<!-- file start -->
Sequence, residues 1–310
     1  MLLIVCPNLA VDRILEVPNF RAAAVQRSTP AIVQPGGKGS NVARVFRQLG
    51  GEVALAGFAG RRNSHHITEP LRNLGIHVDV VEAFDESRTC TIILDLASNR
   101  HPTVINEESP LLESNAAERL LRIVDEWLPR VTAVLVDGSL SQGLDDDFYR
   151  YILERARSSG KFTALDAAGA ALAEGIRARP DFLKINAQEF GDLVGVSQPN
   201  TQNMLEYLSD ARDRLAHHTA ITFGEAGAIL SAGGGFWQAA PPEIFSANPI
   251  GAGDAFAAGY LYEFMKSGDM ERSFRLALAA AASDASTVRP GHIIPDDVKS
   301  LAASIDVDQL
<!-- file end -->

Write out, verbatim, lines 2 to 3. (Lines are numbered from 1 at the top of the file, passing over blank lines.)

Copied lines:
     1  MLLIVCPNLA VDRILEVPNF RAAAVQRSTP AIVQPGGKGS NVARVFRQLG
    51  GEVALAGFAG RRNSHHITEP LRNLGIHVDV VEAFDESRTC TIILDLASNR